Igort | How War Begins: Dispatches from the Ukrainian Invasion (Fantagraphics)

168 pgs. colors | $29.99 hardcover | Writer & Artist: Igort; Translator: Jamie Richards

Igort’s How War Begins: Dispatches from the Ukrainian Invasion opens and closes with the following words:

Every war is a dirty war.

Nothing epic, no glory: only misery.

That sums up his opinion of Russia’s 2022 invasion of Ukraine, a story told largely through the testimony of people living through the first 98 days of it (received via phone calls, and originally presented serially on Facebook) supplemented with historical background and illustrated with art that ranges from simple ink or pencil sketches to detailed, realistic views of scenes. Much of the art is sepia-toned, an appropriate choice given the grim nature of the stories being told. When more colors appear on the page, your eye is immediately drawn to them, while other departures, including frames that are nearly all-black, are also more striking for their departure from the color scheme you’ve grown used to. The variety of artistic styles Igort uses in this volume—which also include frames drawn in pastels and others using large blocks of colors—underline the shifting tones and variety of experiences represented.

War may well be misery, particularly for civilians caught up in the middle of it, but that doesn’t mean that strangeness takes a holiday. Mysterious things happen—two young men lining up for groceries are wearing identical boots—but are later revealed to be no mystery at all. The young men were Russian soldiers who discarded their uniforms and stole the clothing they were wearing in the food line but kept their military boots. They also stole food from a nearby farm and even milked the cow before moving on.

In another village, an inexperienced corps of Ukrainian soldiers is sent to guard a pipeline, then abandoned by their leaders after they run out of fuel. Days go by and the young men adapt to living in the field, creating tents from tarps and building makeshift cabins. They also perform chores for the villagers, who reward them with food and water (both of which are in short supply), and soon the village grandmothers begin to think of them as adoptive grandchildren. By the time someone in authority recalls their existence, the soldiers are on a first-name basis with nearly everyone in the village—but war being war, they’re sent on to their next assignment and that is that.

How War Begins is full of well-chosen details that bring the human element of the invasion to the forefront. In one frame, a Ukrainian woman tells a Russian soldier to put sunflower seeds in his pocket so that “when you die, at least something will grow.” In another, Igort reveals that differences in pronunciation between Ukrainian and Russian, once the subject of schoolyard sport, now allow the home language (and presumably the loyalty) of strangers to be determined by the way they pronounce “palianytsia,” a type of bread. The linking prose sections, written by Igort, combine factual information with a distinctive voice that is sometimes sardonic (“Time and time again, the proud Russian military machine reveals itself for what it truly is: a tin army.”) and sometimes waxes poetic (“The collapsing bodies look like marionettes. Drones capture clouds of dust, which have a surreal beauty. The crumbling buildings look like houses of cards.”).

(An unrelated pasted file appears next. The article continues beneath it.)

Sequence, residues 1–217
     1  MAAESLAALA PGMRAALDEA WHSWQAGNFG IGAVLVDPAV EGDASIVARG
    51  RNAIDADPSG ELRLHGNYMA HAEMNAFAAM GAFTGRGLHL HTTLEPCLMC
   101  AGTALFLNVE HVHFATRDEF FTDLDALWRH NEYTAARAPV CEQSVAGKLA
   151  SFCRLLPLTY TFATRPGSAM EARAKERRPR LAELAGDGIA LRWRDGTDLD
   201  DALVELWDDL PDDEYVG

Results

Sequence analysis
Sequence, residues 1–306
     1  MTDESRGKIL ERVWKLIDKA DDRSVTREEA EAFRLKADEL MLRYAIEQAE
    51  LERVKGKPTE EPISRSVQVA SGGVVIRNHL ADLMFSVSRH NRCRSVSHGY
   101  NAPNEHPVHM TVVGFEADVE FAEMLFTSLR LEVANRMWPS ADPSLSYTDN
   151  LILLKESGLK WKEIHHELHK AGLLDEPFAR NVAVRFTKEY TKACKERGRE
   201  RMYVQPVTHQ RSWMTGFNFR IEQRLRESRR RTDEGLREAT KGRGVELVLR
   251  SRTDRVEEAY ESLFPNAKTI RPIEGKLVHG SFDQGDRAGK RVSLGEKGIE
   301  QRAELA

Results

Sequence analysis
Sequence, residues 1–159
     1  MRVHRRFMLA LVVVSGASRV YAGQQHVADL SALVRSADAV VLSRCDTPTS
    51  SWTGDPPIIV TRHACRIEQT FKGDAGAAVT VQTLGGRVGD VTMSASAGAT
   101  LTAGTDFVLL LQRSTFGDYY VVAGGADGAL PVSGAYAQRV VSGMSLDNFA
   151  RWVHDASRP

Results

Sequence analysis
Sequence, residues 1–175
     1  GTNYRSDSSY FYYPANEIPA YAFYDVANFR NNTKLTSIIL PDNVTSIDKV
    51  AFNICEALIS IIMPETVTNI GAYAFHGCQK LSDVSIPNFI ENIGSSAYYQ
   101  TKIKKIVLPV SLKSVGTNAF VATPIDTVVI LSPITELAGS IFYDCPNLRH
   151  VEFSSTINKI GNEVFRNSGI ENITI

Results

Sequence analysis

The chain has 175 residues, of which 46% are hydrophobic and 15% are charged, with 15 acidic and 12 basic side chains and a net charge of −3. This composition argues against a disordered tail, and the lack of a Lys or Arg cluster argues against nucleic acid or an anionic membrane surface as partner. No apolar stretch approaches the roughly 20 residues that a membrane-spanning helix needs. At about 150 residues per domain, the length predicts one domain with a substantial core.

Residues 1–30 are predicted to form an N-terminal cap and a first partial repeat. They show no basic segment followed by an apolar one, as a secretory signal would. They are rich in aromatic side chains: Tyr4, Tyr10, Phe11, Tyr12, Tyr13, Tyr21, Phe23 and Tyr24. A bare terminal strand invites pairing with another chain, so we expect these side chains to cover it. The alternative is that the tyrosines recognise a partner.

Igort (Igor Tuveri), an Italian cartoonist and founder of the publishing house Coconino Press, is a great admirer of Russian culture, having grown up with a composer father who loved Russian music and a grandmother who told him Russian stories before he could read them himself. But he’s no fan of Vladimir Putin, whom he describes as “a sad-faced man, adopted at a young age by the KGB” and as someone who “has become incapable of empathy toward his fellow man.” How War Begins includes sections depicting the Russian invasion of Chechnya and the 2014 invasion of Ukraine, as well as the 1932-33 USSR-inflicted famine in Ukraine, which if nothing else demonstrates that Putin was hardly the first Russian leader to have it in for Ukraine. How War Begins clearly has a point of view regarding the Russian invasion of Ukraine, but in a case so one-sided as this one, perhaps that’s not such a bad thing. | Sarah Boslaugh

You can read more about Igort and see some samples of his work here. See below for a 5=-page preview of How War Begins, courtesy of Fantagraphics!

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